2D simulations with Meep

The device has been designed and simulated for 1 THz. It is seen from the resulting electric field distribution, that there is propagation out of the GaAs substrate and collimation of the beam towards a focal point shown in Fig. 3b. However, this point appears closer to the device than what was specified in the design parameters (\(f = 15\,\hbox {mm}\)). This is due to the fact that the source is not placed at the focal point of the corresponding lens or FZP, but right at the bottom of the substrate, which has a thickness of \(300\,\upmu \hbox {m}\)13.

Figure 3
figure 3

Meep FDTD simulations for (a) 300 GHz. (b) 1 THz. (c) 3 THz. The lens-antenna represented by a dashed rectangle.

Another important feature of the new integrated lens-antenna is that a wideband (from 300 GHz to 3 THz) was achieved by the simulation and by measurements, as shown in Fig. 3a and c, respectively, and it will be explained in the measurement results section. It is above the bandwidth that can be achieved by the bulky Si-lens. Meep shows that the best result corresponds, as expected, to the design frequency of 1 THz as shown in Fig. 3. The shape of the beam is different for the different frequencies, but the focal point is still achieved.

Moreover, a focal point can be achieved even if there is a misalignment of the photomixer of 1 mm with respect to the center of the FZP as shown in Fig. 1c and d. This would mean a big advantage in integration of the THz devices compared with the Si-lens. Moreover, since a simple fabrication process integrates both the photomixer and the FZP, little misalignments are acceptable.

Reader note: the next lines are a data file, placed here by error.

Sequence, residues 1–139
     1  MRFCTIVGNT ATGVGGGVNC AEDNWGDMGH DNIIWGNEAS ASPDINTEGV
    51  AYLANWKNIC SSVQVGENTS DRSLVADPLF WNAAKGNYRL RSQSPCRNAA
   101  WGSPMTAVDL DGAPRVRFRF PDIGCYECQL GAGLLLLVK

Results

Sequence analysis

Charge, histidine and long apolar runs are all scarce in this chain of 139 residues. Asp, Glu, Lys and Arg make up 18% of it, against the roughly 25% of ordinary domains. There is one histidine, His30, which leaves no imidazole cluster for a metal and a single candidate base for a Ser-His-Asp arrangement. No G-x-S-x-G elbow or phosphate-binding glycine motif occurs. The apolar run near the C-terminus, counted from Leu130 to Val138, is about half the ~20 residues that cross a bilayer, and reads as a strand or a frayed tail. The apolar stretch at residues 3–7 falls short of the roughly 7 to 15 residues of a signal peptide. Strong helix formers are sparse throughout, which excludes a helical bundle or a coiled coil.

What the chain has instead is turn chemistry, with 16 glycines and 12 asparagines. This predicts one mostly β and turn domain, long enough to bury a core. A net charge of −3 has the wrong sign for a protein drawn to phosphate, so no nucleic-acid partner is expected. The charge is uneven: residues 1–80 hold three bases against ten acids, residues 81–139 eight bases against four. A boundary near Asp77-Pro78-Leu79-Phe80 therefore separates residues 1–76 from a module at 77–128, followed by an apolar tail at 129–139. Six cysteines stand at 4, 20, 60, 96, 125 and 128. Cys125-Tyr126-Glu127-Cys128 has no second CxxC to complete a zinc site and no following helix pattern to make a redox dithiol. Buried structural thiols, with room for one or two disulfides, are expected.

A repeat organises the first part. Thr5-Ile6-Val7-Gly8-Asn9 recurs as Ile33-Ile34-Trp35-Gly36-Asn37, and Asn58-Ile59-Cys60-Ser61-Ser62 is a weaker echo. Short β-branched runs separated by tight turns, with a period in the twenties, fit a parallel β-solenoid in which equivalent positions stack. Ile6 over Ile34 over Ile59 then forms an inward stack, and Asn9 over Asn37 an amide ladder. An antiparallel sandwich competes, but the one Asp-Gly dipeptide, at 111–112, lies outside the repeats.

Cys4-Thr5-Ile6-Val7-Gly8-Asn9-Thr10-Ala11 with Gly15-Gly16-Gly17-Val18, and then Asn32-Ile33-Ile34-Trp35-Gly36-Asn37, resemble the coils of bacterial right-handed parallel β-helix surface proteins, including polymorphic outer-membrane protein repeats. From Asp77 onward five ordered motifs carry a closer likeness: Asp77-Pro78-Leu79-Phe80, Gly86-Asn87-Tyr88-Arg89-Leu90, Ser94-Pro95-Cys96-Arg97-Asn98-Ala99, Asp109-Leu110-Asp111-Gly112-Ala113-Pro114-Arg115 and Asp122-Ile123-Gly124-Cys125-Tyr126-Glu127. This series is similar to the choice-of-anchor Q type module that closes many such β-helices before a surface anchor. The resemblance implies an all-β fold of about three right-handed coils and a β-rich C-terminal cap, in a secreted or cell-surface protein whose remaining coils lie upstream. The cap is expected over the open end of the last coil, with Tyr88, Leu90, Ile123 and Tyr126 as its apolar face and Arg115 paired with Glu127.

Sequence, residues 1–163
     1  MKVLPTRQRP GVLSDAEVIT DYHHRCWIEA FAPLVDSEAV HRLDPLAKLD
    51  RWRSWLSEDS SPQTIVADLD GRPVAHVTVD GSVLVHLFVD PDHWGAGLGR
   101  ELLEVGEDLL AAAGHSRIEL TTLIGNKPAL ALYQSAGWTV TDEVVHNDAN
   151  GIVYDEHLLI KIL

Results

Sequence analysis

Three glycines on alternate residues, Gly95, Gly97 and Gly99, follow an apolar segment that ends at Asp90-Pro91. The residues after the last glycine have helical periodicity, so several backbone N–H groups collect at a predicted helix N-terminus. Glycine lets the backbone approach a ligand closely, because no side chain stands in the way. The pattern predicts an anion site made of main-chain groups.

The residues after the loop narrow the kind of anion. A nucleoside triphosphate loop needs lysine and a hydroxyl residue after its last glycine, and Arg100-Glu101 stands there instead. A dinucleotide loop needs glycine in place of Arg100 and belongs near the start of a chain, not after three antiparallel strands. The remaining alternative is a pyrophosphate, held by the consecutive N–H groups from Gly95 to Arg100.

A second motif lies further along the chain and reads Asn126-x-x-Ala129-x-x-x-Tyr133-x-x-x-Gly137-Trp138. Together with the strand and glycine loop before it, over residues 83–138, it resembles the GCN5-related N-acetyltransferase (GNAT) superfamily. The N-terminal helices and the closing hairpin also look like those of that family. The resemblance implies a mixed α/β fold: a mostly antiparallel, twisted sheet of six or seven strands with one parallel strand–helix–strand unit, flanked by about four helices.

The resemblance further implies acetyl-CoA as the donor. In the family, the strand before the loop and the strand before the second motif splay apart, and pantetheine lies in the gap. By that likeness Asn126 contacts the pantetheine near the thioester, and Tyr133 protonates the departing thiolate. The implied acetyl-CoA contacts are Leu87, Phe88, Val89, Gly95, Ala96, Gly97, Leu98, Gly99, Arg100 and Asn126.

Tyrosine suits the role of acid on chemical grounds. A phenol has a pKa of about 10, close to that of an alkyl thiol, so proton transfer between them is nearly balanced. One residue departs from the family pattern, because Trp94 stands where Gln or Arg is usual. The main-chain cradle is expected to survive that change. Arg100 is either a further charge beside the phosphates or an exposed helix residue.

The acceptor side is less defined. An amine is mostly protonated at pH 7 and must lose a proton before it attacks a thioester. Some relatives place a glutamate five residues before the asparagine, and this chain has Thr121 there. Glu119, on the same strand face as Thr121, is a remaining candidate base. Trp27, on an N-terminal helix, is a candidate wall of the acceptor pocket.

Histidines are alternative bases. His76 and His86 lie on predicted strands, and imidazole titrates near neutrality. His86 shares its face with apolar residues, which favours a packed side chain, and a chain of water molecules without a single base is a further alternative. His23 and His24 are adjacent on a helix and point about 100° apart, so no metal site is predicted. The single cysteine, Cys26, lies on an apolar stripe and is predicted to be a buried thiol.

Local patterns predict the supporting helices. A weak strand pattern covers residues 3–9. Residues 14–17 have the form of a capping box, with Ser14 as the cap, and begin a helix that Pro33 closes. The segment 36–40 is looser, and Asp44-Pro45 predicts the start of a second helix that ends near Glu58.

CST microwave studio 3D simulations

In order to extract more information about the new integrated lens-antenna, additional simulations have been performed with CST Microwave Studio. The S11 parameter is obtained as shown in Fig. 4a, where the minimum is at 1.067 THz.

Figure 4
figure 4

The CST results at 1.067 THz: (a) the \(\hbox {S}_{11}\) parameter with a minimum at 1.067 THz. (b) The 3D far-field. (c) The polar chart. (d) The electric field distribution for the FZP’s side. (e) The electric field distribution for the antenna’s side.

Taking into account this result, the far field diagrams (3D and polar chart) at this frequency, can be seen in Fig. 4b and c, respectively. A maximum directivity value of 19,9 dBi is reached for a frequency of 1.067 THz with this design. Therefore, not only the size is reduced in all dimensions compared with a common Si-lens, but also a higher directivity is earned.

Moreover, the strong interaction of the electric field with the first Fresnel zone at 1.067 THz is better represented in Fig. 4d and e.

Device implementation

The device implementation involves only two simple fabrication technology processing steps. In the first step, the photomixer and the gold rings are fabricated by the optical lithography and the gold evaporation. The second lithography is done in the second step before the wet etching of the FZP. The alignment between both top and bottom sides is determined by the dicing of the sample through the alignment marks. This method results in one of the biggest advantages compared with the Si-lens, which is the integration of both the photomixer and the lens monolithically.